Our narrator has started us off at a new morning--a beginning, if not an awakening. Feeling “like P Diddy”, it is shown off the bat the extremity of megalomania from which the narrator suffers. The second line is where something important happens, and where the interruption of pentameter tells us to pay close attention. Here, the narrative merges, with that of Ke$ha's disillusionment and her intents to take on this persona (put my glasses on) and reveal its ugliness by masquerading behind it (I'm gonna hit this city), as well as her character's misguided feelings of invincibility.
After the interruption, Ke$ha moves seamlessly back into pentameter and persona. In the third and fourth lines, she continues to build her character, stacking on qualities of the hedonist with wordplay reminiscent of Charles Bukowski. Dental care, a ritual of self-betterment and hygiene upkeep, is warped here to show the use of alcohol for the addictive personality. The narrator is reliant upon her alcohol abuse and brand names, in order to give herself substance and meaning in her waking life. In the last line of the verse, she pronounces she won't be coming back. There is a definite ironic tone to this, for a personality whose lifestyle is embedded in ritual. Her narcissism gives her the self-delusion of pursuing change, when in reality, if there's anything she won't be coming back from, it is her lifestyle.
I’m talking - pedicure on our toes, toes  Trying on all our clothes, clothes Boys blowing up our phones, phones Drop-topping, playing our favorite cds Pulling up to the parties Trying to get a little bit tipsy 
In this second verse, Ke$ha links an ignorant, selfish and materially concerned lifestyle with this destructive personality. The real villain is unveiled. These things that plague the minds of young people into dead-end, masochistic lifestyles, are the same things which society and mainstream media glorify the consumption of and then subsequently vilify the consequences of. (pedicure on our toes, toes / Trying on all our clothes, clothes / Boys blowing up our phones, phones) All commercialized, corporate media promotes a material-consumed mind, where your worth is dependent on your status, and your status dependent upon what you consume.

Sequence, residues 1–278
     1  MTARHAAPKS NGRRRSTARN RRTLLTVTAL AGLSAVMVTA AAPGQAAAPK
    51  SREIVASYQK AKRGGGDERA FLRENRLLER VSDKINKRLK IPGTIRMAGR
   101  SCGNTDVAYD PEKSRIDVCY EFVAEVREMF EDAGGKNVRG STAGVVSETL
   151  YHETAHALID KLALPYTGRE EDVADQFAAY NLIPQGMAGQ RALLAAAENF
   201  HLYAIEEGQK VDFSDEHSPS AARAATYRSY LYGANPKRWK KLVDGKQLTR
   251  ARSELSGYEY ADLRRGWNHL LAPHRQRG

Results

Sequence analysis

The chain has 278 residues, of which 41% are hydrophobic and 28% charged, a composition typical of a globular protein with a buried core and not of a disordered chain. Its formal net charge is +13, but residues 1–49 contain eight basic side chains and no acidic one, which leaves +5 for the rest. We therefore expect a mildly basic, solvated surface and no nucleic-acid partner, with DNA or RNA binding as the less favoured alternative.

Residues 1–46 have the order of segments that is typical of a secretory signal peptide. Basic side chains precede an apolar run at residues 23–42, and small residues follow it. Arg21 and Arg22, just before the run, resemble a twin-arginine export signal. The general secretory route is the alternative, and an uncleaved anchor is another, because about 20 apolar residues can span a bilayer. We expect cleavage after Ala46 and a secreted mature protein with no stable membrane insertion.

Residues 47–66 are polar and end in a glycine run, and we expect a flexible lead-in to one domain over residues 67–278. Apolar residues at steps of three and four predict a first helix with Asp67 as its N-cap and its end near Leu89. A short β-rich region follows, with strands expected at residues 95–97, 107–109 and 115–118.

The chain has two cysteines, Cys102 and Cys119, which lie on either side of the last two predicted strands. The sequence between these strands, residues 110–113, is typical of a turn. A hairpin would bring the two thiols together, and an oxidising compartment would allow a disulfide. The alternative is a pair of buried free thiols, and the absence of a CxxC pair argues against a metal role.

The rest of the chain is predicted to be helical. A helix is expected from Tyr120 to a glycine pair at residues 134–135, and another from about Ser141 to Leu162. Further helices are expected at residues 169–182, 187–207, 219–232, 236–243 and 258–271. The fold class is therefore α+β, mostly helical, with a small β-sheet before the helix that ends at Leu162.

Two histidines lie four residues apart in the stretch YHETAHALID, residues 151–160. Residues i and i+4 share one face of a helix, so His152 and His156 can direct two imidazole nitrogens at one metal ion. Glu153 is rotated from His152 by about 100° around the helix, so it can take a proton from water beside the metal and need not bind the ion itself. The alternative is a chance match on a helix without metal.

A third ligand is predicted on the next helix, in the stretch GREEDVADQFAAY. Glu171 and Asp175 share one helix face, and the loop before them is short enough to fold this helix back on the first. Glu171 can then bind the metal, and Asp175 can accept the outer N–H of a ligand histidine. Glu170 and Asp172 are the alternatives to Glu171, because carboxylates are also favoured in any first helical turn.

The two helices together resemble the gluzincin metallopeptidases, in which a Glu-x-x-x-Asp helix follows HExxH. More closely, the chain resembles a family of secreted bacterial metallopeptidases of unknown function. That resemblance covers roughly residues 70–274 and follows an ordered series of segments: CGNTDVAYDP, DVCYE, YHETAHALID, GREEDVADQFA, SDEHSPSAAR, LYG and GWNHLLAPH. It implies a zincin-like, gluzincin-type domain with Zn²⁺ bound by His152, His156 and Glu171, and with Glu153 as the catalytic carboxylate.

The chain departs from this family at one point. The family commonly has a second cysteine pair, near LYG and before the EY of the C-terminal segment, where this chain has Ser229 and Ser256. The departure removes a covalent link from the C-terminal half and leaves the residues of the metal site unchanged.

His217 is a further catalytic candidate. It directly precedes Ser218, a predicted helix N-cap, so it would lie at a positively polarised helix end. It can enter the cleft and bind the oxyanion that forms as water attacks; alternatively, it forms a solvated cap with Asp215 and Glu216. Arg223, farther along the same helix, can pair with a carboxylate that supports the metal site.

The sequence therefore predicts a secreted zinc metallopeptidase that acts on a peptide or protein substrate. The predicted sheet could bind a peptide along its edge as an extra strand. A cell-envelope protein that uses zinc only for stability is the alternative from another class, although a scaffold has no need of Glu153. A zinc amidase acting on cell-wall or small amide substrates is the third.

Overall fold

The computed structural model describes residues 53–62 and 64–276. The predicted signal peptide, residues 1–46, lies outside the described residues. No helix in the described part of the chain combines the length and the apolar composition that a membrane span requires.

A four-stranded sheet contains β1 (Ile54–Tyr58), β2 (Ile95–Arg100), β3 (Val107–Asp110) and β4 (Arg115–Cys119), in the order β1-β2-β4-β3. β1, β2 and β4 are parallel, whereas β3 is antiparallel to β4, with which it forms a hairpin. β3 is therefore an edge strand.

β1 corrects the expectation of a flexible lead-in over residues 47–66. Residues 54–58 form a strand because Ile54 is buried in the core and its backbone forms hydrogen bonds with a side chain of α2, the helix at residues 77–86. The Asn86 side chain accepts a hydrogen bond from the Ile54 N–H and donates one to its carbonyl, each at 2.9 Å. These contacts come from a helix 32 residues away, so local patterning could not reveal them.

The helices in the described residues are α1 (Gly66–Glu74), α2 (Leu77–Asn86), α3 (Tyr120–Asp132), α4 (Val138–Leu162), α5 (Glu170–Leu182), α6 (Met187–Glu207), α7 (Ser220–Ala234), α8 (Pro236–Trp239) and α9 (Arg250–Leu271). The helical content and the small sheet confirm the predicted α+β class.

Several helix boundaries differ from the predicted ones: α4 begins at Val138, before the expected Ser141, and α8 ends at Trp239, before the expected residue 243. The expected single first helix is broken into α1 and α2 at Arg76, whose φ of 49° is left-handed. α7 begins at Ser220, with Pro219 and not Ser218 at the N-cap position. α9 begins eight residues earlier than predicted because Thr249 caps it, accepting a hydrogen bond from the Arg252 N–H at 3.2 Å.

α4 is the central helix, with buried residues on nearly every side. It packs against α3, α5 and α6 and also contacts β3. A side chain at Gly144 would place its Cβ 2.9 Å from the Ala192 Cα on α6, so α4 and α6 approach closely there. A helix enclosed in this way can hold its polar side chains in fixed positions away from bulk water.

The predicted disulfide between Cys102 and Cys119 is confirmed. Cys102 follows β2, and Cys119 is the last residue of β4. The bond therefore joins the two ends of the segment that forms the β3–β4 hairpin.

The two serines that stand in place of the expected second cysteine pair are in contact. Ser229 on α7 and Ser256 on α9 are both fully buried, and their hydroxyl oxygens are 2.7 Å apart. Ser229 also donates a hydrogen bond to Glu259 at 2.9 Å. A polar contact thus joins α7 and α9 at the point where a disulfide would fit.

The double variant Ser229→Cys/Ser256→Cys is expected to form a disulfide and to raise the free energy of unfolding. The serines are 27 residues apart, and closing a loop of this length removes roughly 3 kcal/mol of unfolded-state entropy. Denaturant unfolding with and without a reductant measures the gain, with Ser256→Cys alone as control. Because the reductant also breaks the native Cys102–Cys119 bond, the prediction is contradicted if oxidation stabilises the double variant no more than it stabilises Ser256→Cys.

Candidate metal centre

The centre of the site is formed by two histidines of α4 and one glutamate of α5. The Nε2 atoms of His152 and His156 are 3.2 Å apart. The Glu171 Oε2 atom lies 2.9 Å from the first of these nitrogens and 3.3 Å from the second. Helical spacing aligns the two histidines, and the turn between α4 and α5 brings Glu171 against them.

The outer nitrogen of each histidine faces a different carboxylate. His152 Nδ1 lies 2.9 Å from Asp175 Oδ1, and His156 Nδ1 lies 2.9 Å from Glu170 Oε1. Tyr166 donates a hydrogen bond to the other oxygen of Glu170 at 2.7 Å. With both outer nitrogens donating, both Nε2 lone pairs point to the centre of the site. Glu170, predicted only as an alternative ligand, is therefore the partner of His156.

Don’t stop, make it pop DJ, blow my speakers up Tonight, I’mma fight ‘Til we see the sunlight Tick tock, on the clock  But the party don’t stop no Woah-oh oh oh Woah-oh oh oh
The chorus provides a hopeful tone that balances out the rest of the song's cynicism. Lines 11 and 12 suggest the delusional perception of Ke$ha's unreliable narrator. These aspects of her lifestyle which harm her, she asks to be continued. Almost aimlessly, she wants the destruction of self. And so, our narrator becomes a symbol for all young people involved in this lifestyle today. However, lines 13 through 16 seem to express that something inside her is fighting against this harm she causes herself. (Tick tock, on the clock, but the party don't stop, no) Even as her time spent in this risky way shortens her life, she still continues to engage in her hedonist behaviors. As she continues to indulge in these things, the very core of her being still survives underneath, not broken, but, as Tom Waits would put it, “walking with a limp”.
Ain’t got a care in world, but got plenty of beer Ain’t got no money in my pocket, but I’m already here  Now, the dudes are lining up cause they hear we got swagger But we kick ‘em to the curb unless they look like Mick Jagger
Our narrator is so affected by her consumer, hedonist behavior, that it has virtually taken her over and stolen all parts of her personality. She no longer has any desires or goals for herself. The only thing she desires is to further her current indulgences. (Ain’t got no money in my pocket, but I’m already here.) More depressing, her ability to appreciate other human beings has been reduced to objectification. She no longer possesses enough mind of her own to appreciate another person of the opposite gender for reasons other than those that compliment consumption and hedonism. And so is our society--no longer a place of white picket fences and individuals pursuing love and happiness, but a large mall of coveting, swindling, celebritizing, and objectifying.
And so, Ke$ha's genius hit ironically observes, with biting wit, the disease which plagues our society, and affects not the body, but the soul. It is not the artists, but our consumerist media, and its glorification of consumption and mindless indulgence, that is to blame for the ails of young people. Complete brilliance! Hunter S. Thompson and Bill Hicks pass the torch along to Ke$ha!
There should be a word for the feeling you get when you put on a song from an album that you've listened to as a whole numerous times and when it ends you expect to hear the song that comes after it start, in fact hear it partly in your head, but a different song comes on instead because you aren't listening to the whole album. There isn't one.